This, for example, the use of non-steroidal anti-inflammatory drugs (NSAIDs), osteoporosis, hormonal disorders, radiation, sleep deprivation, collagen production disorders, and even nutrition. Other risk factors include age, quality of athletic shoes, gender, and anatomical features.
Stress fracture: trauma features
A fatigue fracture is different from the familiar image of a broken bone. Because of this, errors in the diagnosis of stress fractures previously reached 96-100%! Why did this happen? Specialized centers have even been set up to study stress fractures in the armies of Great Britain and Israel. Experts from these centers talk about three main features of this group of injuries:
- The peculiarity of such a fracture is that it is not visible in the early stages. Clinical manifestations are already there, but there is nothing on the X-ray – doctors talk about the X-ray negative period of the disease.
- Another important point: a stress fracture does not occur as a result of a one-time, short-term traumatic event that would lead to a fracture. It develops gradually, under the influence of chronic stress, and the nature and extent of damage depend on the degree of its intensity.
- Common fractures in different parts of the body can manifest themselves in different ways, and the symptoms of stress fractures are identical, regardless of their location.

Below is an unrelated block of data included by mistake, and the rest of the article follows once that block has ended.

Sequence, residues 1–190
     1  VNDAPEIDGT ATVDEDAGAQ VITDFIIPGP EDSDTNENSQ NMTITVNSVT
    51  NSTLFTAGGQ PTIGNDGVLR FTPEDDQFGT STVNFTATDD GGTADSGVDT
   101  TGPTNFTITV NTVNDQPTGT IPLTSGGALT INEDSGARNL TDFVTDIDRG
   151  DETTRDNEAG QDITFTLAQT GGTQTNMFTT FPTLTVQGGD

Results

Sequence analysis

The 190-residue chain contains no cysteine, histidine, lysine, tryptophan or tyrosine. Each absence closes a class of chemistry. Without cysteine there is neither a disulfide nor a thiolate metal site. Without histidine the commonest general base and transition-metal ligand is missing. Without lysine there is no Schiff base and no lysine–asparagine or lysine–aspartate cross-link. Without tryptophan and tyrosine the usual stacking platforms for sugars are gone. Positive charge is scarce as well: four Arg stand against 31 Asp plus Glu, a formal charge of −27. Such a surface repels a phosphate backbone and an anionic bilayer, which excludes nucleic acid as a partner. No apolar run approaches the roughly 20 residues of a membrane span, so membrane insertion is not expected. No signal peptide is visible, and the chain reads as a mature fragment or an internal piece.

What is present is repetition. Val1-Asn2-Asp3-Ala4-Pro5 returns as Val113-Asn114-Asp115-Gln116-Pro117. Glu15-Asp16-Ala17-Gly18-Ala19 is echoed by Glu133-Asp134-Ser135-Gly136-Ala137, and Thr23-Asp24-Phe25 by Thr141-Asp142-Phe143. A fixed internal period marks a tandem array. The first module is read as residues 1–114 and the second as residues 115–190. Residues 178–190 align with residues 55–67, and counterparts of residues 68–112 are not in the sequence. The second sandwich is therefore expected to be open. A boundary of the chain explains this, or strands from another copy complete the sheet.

It is possible to avoid mistakes in the diagnosis of a stress fracture by using highly sensitive methods using radionuclides. In the late 1980s, a US study was published in which a stress fracture was identified in this way in 31% of nearly 300 infantry recruits. And not all of them could be seen on x-rays. Today, MRI is used for diagnosis.
Which bones are particularly affected by stress fractures?
Most often, the bones of the lower extremities are susceptible to fatigue fractures. Leading among them are the long tubular bones of the lower leg (50% of all stress fractures occur in the tibia) and the metatarsal bones of the foot (especially the 2nd metatarsal bone). Less commonly, these are the ribs, pelvic bones, thighs and heel bone.
But depending on what kind of sport a person is engaged in (or what kind of activity), the frequency of different localizations of stress fractures may vary. Thus, among ballet dancers, the leading fracture is the posterior process of the talus; skiers have long tubular bones; in gymnasts and women rowers, as well as in baseball players, ribs break more often “from fatigue”; tennis players, boxers and hammer throwers have their own specifics: stress fracture of the olecranon.
Finally, this type of fracture has gender characteristics: women, according to various sources, are 1.5-12 times more prone to such injuries , and more often they have bilateral symmetrical lesions.